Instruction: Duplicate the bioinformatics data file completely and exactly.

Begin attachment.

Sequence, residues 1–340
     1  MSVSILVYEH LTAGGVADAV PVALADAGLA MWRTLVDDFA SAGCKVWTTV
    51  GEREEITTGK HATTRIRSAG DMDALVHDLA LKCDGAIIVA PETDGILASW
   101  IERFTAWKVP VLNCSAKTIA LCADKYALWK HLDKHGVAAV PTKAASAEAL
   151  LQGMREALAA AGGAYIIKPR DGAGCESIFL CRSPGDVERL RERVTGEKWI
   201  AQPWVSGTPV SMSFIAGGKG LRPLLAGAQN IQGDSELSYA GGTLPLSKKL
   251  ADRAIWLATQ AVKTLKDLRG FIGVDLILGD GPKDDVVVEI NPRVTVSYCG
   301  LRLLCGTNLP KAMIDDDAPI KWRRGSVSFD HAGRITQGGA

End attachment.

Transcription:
Sequence, residues 1–340
     1  MSVSILVYEH LTAGGVADAV PVALADAGLA MWRTLVDDFA SAGCKVWTTV
    51  GEREEITTGK HATTRIRSAG DMDALVHDLA LKCDGAIIVA PETDGILASW
   101  IERFTAWKVP VLNCSAKTIA LCADKYALWK HLDKHGVAAV PTKAASAEAL
   151  LQGMREALAA AGGAYIIKPR DGAGCESIFL CRSPGDVERL RERVTGEKWI
   201  AQPWVSGTPV SMSFIAGGKG LRPLLAGAQN IQGDSELSYA GGTLPLSKKL
   251  ADRAIWLATQ AVKTLKDLRG FIGVDLILGD GPKDDVVVEI NPRVTVSYCG
   301  LRLLCGTNLP KAMIDDDAPI KWRRGSVSFD HAGRITQGGA